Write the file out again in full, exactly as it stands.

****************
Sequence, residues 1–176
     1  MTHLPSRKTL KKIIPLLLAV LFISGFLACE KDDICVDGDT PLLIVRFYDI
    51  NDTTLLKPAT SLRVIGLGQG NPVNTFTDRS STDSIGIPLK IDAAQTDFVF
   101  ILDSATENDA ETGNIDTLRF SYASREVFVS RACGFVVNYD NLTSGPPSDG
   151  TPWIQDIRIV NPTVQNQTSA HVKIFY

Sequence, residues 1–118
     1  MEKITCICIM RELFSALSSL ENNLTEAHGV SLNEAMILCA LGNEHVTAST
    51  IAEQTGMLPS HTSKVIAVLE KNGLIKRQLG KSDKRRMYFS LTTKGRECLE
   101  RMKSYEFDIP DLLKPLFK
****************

Sequence, residues 1–176
     1  MTHLPSRKTL KKIIPLLLAV LFISGFLACE KDDICVDGDT PLLIVRFYDI
    51  NDTTLLKPAT SLRVIGLGQG NPVNTFTDRS STDSIGIPLK IDAAQTDFVF
   101  ILDSATENDA ETGNIDTLRF SYASREVFVS RACGFVVNYD NLTSGPPSDG
   151  TPWIQDIRIV NPTVQNQTSA HVKIFY

Sequence, residues 1–118
     1  MEKITCICIM RELFSALSSL ENNLTEAHGV SLNEAMILCA LGNEHVTAST
    51  IAEQTGMLPS HTSKVIAVLE KNGLIKRQLG KSDKRRMYFS LTTKGRECLE
   101  RMKSYEFDIP DLLKPLFK